Edge Learner Forum web siteThe Edge Foundation is a charitable fund aiming to change the face of education by promoting vocational studies. It funds many projects nationwide, one of which is the Edge Learner Forum. In November 2008 a team from the Edge Learner Forum gave a presentation at the Futurelab conference on student voice at Warwick University. This article is based on a transcription.

Simon Binns, one of the leaders of the Learner London Forum, explained that it is a network of around 200 young people. There are eight forums around the country. Their remit is to promote vocational learning and qualifications and bring them up to an equal status with academic learning. All members, Simon said, are classed as creators, not evaluators, and they themselves come up with the ideas for projects for the Edge Learner Forum. Edge funds the forums, but the members' projects are run by the forums, not by Edge. There are no membership criteria. Anyone can join.

Simon's fellow-presenters were Nick Hagan, a staff member for the forum, Huda Al Bander, a university student, Michael Jones, a youth worker, and Ruvimbo Chakawhata, who was still at college.

Nick had been a part of the forum for just over a year, and was doing an internship in London, working on a project called the Nerve Magazine, currently in its prototype stages. It is aimed at providing inspiration for young people, getting them interested in different things to do with careers, motivation and vocational work. It had been a suggestion from another member of the learner forum. The forum then found useful contacts and Nick was given a leadership role. It was his opportunity to make a difference.

Huda, now aged 19, had been with the learner forum since she was fifteen The Edge Learner Forum supported her in the development of one of her ideas, which she had expressed in an article published by Futurelab, which was that schools should be reviewed from within, rather than relying on Ofsted coming in from outside. The idea was successfully piloted at a North London school. Huda said that she would not have been able to achieve this without the Edge Learner Forum, and now Ofsted are picking up on the idea, and many other people are interested. She feels it makes sense, because schools need to change with the times.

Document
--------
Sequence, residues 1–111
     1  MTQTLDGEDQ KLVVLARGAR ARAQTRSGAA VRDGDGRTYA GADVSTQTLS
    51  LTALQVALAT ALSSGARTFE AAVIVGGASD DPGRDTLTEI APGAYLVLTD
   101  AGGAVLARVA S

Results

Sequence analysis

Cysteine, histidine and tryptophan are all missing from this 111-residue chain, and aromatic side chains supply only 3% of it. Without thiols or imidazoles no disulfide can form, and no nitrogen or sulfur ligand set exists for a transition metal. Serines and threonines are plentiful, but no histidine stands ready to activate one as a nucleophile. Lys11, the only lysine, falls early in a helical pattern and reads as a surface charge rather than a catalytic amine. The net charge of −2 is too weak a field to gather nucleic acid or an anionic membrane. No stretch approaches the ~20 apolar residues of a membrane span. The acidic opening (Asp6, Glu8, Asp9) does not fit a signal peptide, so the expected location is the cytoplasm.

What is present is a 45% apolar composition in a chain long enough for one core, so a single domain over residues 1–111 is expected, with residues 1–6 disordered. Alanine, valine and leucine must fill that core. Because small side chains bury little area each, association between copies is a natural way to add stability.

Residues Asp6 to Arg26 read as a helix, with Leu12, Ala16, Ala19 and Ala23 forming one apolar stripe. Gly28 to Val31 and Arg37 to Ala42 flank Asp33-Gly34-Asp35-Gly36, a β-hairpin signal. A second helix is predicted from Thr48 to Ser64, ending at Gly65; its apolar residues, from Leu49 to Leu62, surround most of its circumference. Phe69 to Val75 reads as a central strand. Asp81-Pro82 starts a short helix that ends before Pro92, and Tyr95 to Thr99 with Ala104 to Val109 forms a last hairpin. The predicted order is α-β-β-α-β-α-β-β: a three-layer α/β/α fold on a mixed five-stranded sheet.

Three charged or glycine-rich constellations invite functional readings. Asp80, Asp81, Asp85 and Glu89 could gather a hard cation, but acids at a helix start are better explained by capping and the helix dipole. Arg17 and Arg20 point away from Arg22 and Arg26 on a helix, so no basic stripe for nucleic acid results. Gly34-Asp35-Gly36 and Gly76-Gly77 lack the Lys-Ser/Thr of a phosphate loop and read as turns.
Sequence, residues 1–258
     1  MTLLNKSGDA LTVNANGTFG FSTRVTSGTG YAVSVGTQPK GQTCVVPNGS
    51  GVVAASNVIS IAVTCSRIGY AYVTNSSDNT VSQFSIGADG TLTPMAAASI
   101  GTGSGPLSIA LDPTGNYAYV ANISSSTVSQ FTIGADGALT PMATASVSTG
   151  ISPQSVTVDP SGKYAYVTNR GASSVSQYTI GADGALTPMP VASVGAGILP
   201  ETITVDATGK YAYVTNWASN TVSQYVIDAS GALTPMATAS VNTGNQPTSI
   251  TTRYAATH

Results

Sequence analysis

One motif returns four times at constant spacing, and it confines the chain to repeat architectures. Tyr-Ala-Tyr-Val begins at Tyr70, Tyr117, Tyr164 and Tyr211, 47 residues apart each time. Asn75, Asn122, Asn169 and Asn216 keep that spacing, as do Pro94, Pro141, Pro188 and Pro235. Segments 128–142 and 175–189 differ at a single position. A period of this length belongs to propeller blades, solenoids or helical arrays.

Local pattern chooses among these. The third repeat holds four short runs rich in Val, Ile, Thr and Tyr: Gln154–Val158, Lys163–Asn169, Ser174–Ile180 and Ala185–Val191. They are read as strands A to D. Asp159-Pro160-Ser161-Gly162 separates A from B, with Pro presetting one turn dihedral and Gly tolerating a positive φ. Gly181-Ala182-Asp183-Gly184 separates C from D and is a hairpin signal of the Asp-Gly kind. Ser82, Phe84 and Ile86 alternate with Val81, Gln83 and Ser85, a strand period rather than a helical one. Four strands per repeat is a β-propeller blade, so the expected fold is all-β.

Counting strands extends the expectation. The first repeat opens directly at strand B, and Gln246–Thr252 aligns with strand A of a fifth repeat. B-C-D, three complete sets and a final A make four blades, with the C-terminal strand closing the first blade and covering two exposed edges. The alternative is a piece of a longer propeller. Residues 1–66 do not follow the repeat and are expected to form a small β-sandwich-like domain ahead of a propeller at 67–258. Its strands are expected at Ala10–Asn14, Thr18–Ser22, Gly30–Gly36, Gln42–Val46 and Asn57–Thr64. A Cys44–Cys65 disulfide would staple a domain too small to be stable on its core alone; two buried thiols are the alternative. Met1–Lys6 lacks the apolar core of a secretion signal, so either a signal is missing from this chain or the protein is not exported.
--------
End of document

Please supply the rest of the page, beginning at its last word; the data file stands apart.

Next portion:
Michael felt that he could never have done what he has, without the support of the Edge Leaner Forum, because he comes from Hackney, where morale among young people is low. He has now had the opportunity to meet ministers and speak directly to them rather than just seeing them on television talking at him. Young people sometimes just need a little support. The Edge Learner Forum has a vision which Michael understands. He feels that teachers and others working with young people need allow them a little more responsibility. It will be even more beneficial for teachers than for children.

For Ruvimbo, still at college, who had only been a member for four months, the main benefit of the Edge Learner Forum had been the opportunity to get to know a wide range of different people. It has given her confidence and she has valued the advice she has received. She has become able to stand in front of a large group and tell them about her aspirations and what motivates her.

Simon Binns, the leader of the presentation, had joined the forum when he was a school drop-out and in trouble with the law. Now he has become the leader of the Learner Forum and a trainee consultant, even though he has no degree.